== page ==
Abiotic Attributes Surrounding Alluvial Islands Generate Critical Fish Habitat
Identifying the appropriate scale at which habitat is biologically relevant to riverine fishes in large, sand-dominated rivers is a challenge. Alluvial islands are important to several of these fishes throughout the central USA, but there is a paucity of information on island habitat features that restoration efforts should try to replicate. We determined the physical characteristics of two island complexes in the middle Mississippi River that facilitate the settlement and survival of age-0 shovelnose sturgeon Scaphirhynchus platorynchus at relatively large (mean 39,000m2) and small (mean 320m2) scales. Depth (m), flow rate (ms-1), substrate (sand, rock, silt) and vegetation were quantified at these two scales using hydroacoustic techniques (split-beam sonar and acoustic Doppler current profiler). Abiotic attributes in the surrounding littoral zone of the island complexes were highly correlated but differed depending on location. At the coarse spatial scale, vegetation was positively related to shovelnose sturgeon abundance. At the fine spatial scale, age-0 shovelnose sturgeon were restricted to flow rates<0.89ms-1, with abundance peaking at about 0.40ms-1. However, heterogeneity in depth and flow was important, and sturgeon abundance peaked at intermediate variability in these two abiotic attributes. A computer-generated model of the habitat surrounding islands suggests that these habitats are diverse and may provide flow refugia and foraging patches for shovelnose sturgeon. We submit the results presented here that can contribute to a hierarchical model for island restoration in large rivers.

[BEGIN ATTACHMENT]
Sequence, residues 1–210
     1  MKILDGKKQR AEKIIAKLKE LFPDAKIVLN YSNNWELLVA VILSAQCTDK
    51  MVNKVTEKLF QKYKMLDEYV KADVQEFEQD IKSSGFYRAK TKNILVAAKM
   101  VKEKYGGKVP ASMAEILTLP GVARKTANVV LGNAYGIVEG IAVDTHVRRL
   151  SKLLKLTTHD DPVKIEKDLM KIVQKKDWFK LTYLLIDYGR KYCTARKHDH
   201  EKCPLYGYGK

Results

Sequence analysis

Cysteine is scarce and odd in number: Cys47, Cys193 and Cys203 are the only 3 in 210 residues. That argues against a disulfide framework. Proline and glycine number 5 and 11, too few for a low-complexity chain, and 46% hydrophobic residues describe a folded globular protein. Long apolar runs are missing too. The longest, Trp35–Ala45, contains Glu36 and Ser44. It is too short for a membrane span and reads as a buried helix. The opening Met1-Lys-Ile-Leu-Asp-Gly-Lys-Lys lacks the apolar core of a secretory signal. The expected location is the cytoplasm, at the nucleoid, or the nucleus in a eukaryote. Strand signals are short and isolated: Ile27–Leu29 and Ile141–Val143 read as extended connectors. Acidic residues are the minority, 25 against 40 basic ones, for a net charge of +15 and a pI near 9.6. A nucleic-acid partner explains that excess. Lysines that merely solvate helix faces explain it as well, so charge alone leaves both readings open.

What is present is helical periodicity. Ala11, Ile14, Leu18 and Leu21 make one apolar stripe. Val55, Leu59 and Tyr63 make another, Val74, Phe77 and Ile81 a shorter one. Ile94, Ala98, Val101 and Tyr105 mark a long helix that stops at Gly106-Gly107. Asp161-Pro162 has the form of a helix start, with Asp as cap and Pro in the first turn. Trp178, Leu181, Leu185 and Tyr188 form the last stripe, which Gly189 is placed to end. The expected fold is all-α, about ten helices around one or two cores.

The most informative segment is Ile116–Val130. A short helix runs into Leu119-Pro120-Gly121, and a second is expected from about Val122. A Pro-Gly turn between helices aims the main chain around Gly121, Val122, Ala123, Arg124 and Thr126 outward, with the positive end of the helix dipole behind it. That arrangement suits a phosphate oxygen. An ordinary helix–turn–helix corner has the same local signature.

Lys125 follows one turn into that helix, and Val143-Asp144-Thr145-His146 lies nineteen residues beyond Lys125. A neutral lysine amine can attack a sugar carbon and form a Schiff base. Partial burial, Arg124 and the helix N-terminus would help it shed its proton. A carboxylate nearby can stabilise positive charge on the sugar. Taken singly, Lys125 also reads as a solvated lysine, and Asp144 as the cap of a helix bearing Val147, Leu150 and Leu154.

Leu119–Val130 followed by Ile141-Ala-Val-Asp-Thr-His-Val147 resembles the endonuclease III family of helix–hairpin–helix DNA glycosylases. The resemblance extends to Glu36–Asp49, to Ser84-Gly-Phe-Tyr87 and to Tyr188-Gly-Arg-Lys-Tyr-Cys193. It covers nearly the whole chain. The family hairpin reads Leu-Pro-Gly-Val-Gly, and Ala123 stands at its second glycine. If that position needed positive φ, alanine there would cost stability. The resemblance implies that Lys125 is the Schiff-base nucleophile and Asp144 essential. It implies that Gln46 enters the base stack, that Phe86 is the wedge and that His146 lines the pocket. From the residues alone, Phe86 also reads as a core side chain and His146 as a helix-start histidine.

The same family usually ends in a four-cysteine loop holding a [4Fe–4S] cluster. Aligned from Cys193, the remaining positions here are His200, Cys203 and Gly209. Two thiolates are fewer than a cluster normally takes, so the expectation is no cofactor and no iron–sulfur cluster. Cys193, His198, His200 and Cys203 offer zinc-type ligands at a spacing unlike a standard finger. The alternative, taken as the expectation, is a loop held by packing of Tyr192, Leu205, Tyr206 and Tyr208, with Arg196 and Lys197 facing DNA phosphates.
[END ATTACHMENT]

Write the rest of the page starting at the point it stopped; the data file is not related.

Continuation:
Conservation, Fish, Habitat, Heterogeneity, Mississippi River, Restoration, Scaphirhynchus, Sturgeon
Hintz, W. D., A. P. Porreca, J. E. Garvey, Q. E. Phelps, S. J. Tripp, R. A. Hrabik, and D. P. Herzog. "Abiotic attributes surrounding alluvial islands generate critical fish habitat." River Research and Applications 31, no. 10 (2015): 1218-1226.
River Research and Applications